This dissertation analyzes the liturgical commemoration of earthquakes in Constantinople ca. 400-600 CE. Earthquake commemorations were some of the earliest rites created locally for the city’s liturgy. This thesis argues that analysis of this rite, its origins, and its contested reception history illuminates the theological, environmental, and political concerns that shaped the early liturgy of Constantinople.
The thesis begins with a reconstruction of the original ritual pattern and theology of the commemoration rite and its evolution. It was comprised of readings, hymns, and a long procession that mimicked the evacuation route taken during earthquakes. Over the course of its performance, which lasted from evening until the afternoon on the next day, the rite depicted earthquakes as manifestations of divine wrath against the people for their unfaithfulness, for which collective repentance is prescribed as an effective response.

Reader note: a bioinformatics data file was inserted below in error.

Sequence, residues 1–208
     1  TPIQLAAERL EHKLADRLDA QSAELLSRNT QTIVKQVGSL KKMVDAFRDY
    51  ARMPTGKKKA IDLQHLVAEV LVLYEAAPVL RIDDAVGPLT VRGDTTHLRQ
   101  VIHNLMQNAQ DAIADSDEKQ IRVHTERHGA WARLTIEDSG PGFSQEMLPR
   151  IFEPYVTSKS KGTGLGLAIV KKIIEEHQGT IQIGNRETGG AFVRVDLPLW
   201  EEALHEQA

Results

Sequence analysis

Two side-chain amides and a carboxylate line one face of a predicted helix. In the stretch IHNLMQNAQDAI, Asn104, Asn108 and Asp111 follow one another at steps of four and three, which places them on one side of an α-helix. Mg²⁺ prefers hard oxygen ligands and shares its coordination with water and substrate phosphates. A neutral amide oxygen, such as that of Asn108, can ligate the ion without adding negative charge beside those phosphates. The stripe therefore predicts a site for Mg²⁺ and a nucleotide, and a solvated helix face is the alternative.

Next, the thesis locates the origins of the liturgical rite in a ritual repertoire of prayer and supplication that emerged from spontaneous, popular responses to earthquakes in Constantinople. Prior to the practice of commemorating earthquakes liturgically, the late-fourth and early-fifth century preachers Severian of Gabala and John Chrysostom drew from this ritual repertoire to make theological sense of Constantinopolitan earthquakes. They framed earthquakes as divine manifestations and placed Constantinople at the center of a narrative of God’s providential guidance of history. The thesis then analyzes the five earthquakes commemorated between 438 and 557. With its call for mass repentance in the face of God’s wrath, the commemoration rite challenged Constantinople’s ambitions as the new capital of the Roman Empire. Those dedicated to augmenting Constantinople’s political and ecclesiastical power disputed the theology of earthquakes as signs of divine wrath, and reframed local earthquakes as signs of divine blessing upon the city and its ambitions.
Analysis of the liturgical commemoration of earthquakes illuminates hitherto unexplored tensions between Christianity and classical Roman ideology at play in the formation of the liturgy of Constantinople. By showing how the liturgy connected environmental, theological, and political concerns, this dissertation pursues new avenues for exploring the role played by the natural environment in the shaping of Christian ritual and liturgy.